THEY are rattling breakfast plates in basement kitchens, And along the trampled edges of the street I am aware of the damp souls of housemaids Sprouting despondently at area gates.
The brown waves of fog toss up to me Twisted faces from the bottom of the street, And tear from a passer-by with muddy skirts An aimless smile that hovers in the air And vanishes along the level of the roofs.
Free verse is very self-explanatory. It is the basis of which all poems are created on. Free verse is the bare minimum a poem needs to be considered poetry. All the poem needs is to have it's parts equal the whole of the poem. No rhyme scheme or pattern is needed. Free verse can range from a one line poem to an essay almost. There is no limit for free verse. It just needs to have a story.
In T.S. Eliot's "Morning at the Window" the chaos of a morning breakfast is being described. This poem can also be considered imagism because it conveys a certain image. In this poem, many literary elements are used to enhance the poem. Caesura which is used in almost every poem I have done, is used to separate two different thoughts and images in the speaker's perspective. He mentions streets then girls. His stream of consciousness type of poetry has a certain cacophonic rhythm to it. The short, broken up words are used to intensify the chaos of breakfast and the streets of the city. There never is a soothing flow in the poem because of the cacophony used.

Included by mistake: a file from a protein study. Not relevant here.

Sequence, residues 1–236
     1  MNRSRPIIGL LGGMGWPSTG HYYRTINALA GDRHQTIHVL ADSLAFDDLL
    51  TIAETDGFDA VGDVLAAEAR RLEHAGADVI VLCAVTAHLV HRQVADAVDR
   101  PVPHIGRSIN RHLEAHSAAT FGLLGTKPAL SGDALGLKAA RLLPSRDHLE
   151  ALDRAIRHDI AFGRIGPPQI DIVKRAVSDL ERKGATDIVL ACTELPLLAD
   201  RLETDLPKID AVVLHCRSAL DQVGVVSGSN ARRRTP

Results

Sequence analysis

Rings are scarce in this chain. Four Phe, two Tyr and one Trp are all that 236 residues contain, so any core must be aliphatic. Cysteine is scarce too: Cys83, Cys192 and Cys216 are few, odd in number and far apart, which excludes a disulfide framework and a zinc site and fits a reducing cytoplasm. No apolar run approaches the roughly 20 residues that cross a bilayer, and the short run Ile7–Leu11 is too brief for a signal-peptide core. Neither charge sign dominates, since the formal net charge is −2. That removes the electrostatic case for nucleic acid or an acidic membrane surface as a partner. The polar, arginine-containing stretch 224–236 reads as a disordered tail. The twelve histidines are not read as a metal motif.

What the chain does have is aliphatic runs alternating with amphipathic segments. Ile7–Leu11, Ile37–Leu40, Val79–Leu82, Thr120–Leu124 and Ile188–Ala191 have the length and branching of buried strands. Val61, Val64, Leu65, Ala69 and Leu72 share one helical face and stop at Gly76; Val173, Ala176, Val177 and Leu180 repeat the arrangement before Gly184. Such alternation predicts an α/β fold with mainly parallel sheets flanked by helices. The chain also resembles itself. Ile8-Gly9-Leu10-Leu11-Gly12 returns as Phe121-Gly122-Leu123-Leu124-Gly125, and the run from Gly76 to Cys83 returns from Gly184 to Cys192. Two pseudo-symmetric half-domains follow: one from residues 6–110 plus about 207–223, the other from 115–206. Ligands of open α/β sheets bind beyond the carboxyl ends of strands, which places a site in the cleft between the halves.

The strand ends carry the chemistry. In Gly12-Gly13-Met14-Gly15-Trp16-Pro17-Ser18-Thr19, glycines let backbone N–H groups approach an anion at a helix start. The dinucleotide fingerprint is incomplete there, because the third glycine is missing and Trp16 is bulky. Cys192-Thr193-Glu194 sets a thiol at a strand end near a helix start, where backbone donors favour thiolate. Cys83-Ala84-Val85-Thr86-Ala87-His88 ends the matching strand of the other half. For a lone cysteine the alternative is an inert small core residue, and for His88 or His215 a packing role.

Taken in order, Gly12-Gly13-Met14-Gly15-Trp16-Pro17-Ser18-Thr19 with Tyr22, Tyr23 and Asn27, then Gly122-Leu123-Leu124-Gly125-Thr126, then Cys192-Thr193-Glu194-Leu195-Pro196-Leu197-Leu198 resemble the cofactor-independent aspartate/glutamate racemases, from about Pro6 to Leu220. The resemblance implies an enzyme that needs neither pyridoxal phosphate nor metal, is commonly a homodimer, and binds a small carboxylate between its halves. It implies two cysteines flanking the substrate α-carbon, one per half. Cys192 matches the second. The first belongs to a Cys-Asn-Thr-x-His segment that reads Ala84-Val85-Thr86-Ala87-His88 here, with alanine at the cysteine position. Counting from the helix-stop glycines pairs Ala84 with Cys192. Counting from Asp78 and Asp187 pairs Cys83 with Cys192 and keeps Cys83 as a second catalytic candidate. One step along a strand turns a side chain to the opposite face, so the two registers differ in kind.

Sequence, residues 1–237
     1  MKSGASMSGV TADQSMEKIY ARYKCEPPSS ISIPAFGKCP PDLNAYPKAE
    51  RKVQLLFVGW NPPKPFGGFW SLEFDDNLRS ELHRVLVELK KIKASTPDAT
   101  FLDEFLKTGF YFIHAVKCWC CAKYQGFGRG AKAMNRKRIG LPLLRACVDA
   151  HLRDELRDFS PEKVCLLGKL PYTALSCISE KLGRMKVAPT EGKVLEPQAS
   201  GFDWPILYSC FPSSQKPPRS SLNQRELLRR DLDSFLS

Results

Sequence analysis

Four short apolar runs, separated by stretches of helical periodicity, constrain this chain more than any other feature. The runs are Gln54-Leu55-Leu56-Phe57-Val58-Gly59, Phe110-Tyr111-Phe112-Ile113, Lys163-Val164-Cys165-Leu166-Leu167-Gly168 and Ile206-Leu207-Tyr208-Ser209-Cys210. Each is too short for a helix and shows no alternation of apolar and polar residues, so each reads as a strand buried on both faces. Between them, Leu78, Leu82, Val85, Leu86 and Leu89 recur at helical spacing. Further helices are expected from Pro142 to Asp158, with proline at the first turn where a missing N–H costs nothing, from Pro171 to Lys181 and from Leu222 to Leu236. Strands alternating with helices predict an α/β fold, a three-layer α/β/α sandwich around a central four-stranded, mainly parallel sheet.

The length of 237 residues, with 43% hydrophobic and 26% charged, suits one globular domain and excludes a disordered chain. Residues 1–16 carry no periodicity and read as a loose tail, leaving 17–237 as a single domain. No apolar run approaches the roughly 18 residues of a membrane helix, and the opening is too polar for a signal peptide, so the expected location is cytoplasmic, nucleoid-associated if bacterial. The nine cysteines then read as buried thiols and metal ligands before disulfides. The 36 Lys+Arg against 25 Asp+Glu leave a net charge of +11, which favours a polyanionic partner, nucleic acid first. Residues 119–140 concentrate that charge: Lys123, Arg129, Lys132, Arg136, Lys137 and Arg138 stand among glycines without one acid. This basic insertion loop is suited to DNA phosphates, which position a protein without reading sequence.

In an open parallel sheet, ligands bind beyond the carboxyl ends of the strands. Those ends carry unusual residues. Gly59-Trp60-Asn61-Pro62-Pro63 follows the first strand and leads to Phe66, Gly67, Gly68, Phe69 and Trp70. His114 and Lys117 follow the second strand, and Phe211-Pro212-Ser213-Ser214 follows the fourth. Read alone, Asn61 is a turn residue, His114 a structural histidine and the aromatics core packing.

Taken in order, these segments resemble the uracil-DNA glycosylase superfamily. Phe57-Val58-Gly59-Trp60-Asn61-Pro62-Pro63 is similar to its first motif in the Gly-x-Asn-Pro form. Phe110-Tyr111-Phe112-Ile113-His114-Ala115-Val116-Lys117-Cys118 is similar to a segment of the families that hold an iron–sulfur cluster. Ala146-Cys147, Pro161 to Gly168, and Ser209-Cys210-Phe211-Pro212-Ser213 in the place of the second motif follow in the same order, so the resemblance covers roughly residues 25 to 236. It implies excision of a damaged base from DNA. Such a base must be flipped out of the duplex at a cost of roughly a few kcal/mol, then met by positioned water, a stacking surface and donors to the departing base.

Eliot uses conceit in this poem to compare with the daily lives that we live. The chaos of the daily life of a human being is demonstrated by the breakfast, and the brown fogs indicate sins and mishaps that we all face, and the unclean nature of the streets indicates our unclean views on society. Lastly, the vanishing smiles depicts the superficial society that we live in vanishing behind closed doors or the "roofs". This description can be called "euphemism" because it is describing our secret desires and society's faults in a less condescending manner.
This can be interpreted differently depending on how the reader views the mood and tone. I couldn't find a video or reading of it, so I just assumed it was a very dark and solemn tone and mood.